Brooklyn pol ‘traumatized’ by fatal Brownsville shooting vows anti-violence push in Albany
State Sen.Jesse Hamilton Will Seek To Have A State-Level Task Force Formed
Witnessing the cold-blooded fatal shooting of a man is something Brooklyn State Sen. Jesse Hamilton won’t soon forget — and something he plans to share with his colleagues in Albany very soon.
Hamilton (D-Brownsville, Crown Heights, East Flatbush, Park Slope) was meeting with local community leaders in the community center on Osborn Street at the Howard Houses in Brownsville last Wednesday afternoon when they heard a series of gunshots.
Moments later, a badly bleeding man, later identified as Rysheen Ervin, 28, of East New York, staggered past the window of the community center — in full view of Hamilton and the others — and crumpled to the pavement .
“It was unreal,” the lawmaker said. “A young man was shot right in front of the building. Blood started coming out of his mouth. I [hadn’t] seen a man actually shot and die before my eyes. I was traumatized; the neighborhood was traumatized.”
Ervin, who had been shot several times in his torso, was rushed by ambulance to Brookdale University Medical Center, where he was pronounced dead. Police believe the 3:10 p.m. shooting was gang-related. An investigation was continuing, they said, but at press time, there had been no arrests.
After praying for the victim, Hamilton and the community group decided to return to the community center and reconvene the meeting, which he had gathered to discuss the Campus, an initiative to bring more than 45 community-based organizations together to focus on four tracks: Health and Wellness; Career Development and Entrepreneurship; Technology, Coding and App Development — and Violence Prevention.
“The people we brought together [Wednesday] aim to prevent shootings like the one we witnessed outside the windows of our meeting room,” Hamilton said. “We are committed to stopping the violence. We can’t continue to lose young people to senseless violence.”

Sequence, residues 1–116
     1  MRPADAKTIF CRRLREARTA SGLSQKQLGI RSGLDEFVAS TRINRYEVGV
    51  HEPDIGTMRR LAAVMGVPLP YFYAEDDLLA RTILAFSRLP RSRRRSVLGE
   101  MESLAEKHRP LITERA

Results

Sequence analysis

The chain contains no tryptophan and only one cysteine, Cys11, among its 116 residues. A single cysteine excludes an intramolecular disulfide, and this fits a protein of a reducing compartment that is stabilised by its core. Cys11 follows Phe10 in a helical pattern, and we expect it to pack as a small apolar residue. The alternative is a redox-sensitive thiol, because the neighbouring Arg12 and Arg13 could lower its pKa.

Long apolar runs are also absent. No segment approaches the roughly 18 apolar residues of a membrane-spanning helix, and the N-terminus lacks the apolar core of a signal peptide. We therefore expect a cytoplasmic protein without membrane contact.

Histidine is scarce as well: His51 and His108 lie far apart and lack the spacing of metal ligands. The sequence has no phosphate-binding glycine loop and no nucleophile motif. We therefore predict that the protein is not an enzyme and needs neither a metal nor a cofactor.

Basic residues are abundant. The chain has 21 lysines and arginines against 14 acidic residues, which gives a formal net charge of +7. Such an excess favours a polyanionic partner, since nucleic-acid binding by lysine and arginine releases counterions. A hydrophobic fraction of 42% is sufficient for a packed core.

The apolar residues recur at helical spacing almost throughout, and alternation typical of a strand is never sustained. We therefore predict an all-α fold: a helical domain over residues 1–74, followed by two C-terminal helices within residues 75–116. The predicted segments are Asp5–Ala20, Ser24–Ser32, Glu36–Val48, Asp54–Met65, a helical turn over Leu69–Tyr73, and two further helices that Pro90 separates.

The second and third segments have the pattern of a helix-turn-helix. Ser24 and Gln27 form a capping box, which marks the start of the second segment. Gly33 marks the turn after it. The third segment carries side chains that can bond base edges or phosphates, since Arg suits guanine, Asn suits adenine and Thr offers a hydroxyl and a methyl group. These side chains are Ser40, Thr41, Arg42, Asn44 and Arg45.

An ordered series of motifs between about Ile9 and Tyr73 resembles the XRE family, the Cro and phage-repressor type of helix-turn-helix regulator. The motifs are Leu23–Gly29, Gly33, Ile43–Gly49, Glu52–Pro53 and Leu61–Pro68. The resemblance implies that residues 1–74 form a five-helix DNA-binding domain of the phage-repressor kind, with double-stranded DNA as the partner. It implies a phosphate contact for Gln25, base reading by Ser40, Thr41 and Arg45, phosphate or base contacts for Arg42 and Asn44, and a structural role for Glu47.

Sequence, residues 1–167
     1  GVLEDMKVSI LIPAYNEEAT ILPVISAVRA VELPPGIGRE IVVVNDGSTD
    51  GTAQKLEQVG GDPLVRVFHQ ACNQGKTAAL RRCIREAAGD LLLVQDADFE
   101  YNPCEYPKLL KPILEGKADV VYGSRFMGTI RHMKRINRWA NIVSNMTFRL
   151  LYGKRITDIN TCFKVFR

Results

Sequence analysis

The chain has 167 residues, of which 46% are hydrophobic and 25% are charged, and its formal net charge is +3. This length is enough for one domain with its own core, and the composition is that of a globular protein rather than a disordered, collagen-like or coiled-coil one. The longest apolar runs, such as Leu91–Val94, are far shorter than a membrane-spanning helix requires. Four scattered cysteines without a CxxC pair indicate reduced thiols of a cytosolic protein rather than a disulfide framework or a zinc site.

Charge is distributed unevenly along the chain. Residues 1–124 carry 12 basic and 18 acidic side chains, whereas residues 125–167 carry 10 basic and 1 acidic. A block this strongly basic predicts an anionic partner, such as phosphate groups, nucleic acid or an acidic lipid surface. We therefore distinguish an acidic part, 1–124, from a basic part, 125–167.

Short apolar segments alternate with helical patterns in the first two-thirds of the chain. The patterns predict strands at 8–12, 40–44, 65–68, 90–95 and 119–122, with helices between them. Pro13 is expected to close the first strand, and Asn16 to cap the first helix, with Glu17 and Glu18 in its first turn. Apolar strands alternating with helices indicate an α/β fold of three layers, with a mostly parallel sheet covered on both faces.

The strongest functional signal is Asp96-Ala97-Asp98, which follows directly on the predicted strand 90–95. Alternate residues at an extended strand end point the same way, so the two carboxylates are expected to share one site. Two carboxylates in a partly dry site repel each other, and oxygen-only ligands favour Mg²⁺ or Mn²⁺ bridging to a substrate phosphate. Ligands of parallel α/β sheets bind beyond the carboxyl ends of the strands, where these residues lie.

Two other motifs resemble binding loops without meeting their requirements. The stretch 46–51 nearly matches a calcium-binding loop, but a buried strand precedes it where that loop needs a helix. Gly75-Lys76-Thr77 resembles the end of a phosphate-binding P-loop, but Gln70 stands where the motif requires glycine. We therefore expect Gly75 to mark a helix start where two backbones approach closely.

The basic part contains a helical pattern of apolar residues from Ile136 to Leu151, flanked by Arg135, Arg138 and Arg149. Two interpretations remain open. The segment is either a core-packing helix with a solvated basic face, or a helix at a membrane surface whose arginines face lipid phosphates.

In the wake of the tragedy he witnessed firsthand, Hamilton told The Brooklyn Eagle through a spokesman that he “has a renewed commitment to legislation he introduced that has not gotten all the way through the Legislature.
“In Brooklyn, Sen. Hamilton founded a United Against Violence Task Force that has been working on anti-gun violence, anti-hate crimes and other anti-violence work in the community,” the spokesman said.
“[Hamilton] wants to establish a similar group on the state level with the Youth Violence Prevention Task Force Act (Senate Bill No. 6220). The task force would study and evaluate the effectiveness of current and existing programs related to the prevention of youth violence, hold hearings across the state and report to the governor and the Legislature,” the spokesman added.
If formed, the task force would consist of seven members and would work toward — among other goals — increasing awareness of resources, jobs and opportunities to prevent violence, and assisting violence prevention groups, including religious institutions, community-based groups and other providers of safe havens for youth, young adults and seniors.
In the short term, Hamilton’s spokesman said, he “has meetings planned with the NYPD and will continue working with the United Against Violence Task Force he founded.”
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